Individuals in debt who wish to make a use of the services of a debt management firm must study before committing themselves. An unscrupulous debt management firm can harm a debtor’s interests in several ways, so be certain to keep the following four issues in mind before hiring a debt management firm:
1. Stay clear of any agency that calls you by phone or sends you email spam: Most debt management firms advertise within the yellow pages or on the Internet, but do not over-aggressively solicit clients. Thus, there is a great opportunity any provider which does so just isn’t is not a legitimate firm. Debt management companies that follow a cold calling policy or send unsolicited emails will normally not have the ability to give any solid references. Most of these businesses don’t even maintain a reserve fund, which serves as a guarantee for the debtor that his creditors will be paid.
2. Non-profit agencies do not necessarily offer better service: Initial, not all non-profit debt management firms give their services at no cost; some firms charge up to 15% of the debt amount. Being a non-profit organization doesn’t make a debt management firm a much better and much more efficient service provider than those that charge for the services. In truth, providers charging for their service are under an obligation to absolutely free their clients of debt as efficiently as possible because they’re making a profit from their work and their profitability is directly linked to their credibility and reputation in the market.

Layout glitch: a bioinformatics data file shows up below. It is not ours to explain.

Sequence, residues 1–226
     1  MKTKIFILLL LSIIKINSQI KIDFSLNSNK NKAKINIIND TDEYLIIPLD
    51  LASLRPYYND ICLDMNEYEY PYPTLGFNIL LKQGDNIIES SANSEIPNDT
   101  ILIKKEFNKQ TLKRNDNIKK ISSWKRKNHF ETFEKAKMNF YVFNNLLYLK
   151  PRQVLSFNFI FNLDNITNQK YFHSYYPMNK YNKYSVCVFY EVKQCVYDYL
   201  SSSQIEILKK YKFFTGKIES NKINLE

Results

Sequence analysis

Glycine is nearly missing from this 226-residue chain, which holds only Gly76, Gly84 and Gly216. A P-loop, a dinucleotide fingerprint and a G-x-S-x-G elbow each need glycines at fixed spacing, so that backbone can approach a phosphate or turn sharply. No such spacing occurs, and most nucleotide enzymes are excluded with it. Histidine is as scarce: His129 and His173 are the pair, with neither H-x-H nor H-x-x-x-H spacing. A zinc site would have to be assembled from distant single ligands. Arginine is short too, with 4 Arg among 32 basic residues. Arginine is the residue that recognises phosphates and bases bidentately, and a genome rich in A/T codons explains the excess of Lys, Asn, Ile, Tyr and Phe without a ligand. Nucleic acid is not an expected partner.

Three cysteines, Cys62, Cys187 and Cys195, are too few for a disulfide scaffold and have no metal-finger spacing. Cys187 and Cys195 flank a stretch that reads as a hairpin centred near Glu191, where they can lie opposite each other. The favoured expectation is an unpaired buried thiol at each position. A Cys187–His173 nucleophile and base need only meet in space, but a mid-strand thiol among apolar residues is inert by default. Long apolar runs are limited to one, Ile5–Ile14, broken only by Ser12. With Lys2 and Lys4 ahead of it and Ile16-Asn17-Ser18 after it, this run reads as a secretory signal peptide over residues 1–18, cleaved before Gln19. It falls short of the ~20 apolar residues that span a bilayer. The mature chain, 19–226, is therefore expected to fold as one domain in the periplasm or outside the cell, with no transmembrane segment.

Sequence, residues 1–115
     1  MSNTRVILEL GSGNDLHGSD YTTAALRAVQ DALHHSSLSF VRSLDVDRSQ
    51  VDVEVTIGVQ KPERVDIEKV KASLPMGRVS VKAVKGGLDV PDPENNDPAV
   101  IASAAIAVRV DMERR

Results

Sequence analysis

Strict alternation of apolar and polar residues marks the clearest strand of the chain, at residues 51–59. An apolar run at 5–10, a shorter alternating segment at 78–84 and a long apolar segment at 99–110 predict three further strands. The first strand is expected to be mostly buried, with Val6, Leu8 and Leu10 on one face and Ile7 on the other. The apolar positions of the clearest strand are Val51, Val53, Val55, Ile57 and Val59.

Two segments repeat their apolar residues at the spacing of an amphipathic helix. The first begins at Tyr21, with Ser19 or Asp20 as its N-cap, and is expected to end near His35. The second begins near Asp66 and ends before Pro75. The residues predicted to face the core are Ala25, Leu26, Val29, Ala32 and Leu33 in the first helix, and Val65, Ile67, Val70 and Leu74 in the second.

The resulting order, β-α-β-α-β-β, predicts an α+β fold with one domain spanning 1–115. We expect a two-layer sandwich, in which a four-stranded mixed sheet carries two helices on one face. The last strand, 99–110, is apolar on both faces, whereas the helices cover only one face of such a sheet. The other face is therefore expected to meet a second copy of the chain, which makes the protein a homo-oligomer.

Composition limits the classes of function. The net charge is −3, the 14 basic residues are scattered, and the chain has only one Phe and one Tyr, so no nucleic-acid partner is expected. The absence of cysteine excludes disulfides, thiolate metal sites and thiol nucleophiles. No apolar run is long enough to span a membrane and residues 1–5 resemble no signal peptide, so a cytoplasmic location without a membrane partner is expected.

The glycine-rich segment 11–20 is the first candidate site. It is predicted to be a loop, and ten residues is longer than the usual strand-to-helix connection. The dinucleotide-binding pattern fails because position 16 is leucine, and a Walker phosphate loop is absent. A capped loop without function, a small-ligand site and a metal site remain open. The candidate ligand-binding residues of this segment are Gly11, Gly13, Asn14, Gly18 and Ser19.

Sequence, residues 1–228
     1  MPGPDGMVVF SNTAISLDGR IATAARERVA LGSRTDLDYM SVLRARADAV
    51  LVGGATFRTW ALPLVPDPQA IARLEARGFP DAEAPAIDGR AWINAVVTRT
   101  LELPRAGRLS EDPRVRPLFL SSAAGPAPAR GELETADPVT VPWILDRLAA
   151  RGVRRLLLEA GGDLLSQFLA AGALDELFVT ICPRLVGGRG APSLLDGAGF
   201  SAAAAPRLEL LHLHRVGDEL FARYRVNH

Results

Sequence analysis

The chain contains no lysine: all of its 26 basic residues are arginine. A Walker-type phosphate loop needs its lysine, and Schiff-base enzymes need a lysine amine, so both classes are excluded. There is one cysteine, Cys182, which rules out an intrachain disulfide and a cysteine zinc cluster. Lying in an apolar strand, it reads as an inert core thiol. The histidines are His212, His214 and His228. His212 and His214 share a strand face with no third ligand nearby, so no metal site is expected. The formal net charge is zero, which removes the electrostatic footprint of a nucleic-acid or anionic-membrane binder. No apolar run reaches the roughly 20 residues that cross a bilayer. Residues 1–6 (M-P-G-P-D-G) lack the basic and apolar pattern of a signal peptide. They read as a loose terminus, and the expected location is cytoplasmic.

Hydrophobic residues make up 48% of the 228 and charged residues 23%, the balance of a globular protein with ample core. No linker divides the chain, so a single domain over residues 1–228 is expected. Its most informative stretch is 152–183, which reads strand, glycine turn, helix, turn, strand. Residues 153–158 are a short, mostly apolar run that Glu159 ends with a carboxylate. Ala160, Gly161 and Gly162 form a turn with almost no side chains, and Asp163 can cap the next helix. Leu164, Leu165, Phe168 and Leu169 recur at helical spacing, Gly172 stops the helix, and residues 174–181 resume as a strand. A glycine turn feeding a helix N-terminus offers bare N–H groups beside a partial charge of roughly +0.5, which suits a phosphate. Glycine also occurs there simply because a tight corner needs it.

3. In no way divulge credit card information on the phone: A reputed and honest debt management firm will never ask you to present your credit card number or bank facts on the phone. This is because they recognize that callers may be impersonated; moreover, the increase in on-line frauds is a reason enough for individuals in debt to be more cautious when checking out debt management firms. Debt management providers that are acting in excellent faith will in no way ask a prospect or an existing client to part with sensitive facts of any kind over the phone.
4. Do not believe any person who provides a deal that’s too beneficial to be accurate – it in all probability is: Frequently debtors come across debt management deals that promise to reduce their debt by half in a very short time. This rarely occurs; even so, the debtor does wind up paying high fees along with a substantial upfront amount to the debt management organization. Such providers also discourage debtors from communicating with their lenders; this is in no way a good notion and invariably leads to a negative impact on the debtor’s credit rating. If a debt reduction provider promises to offer more than some interest reduction and counseling on getting out of debt and staying debt free, the claim really should ideally not be taken at face value.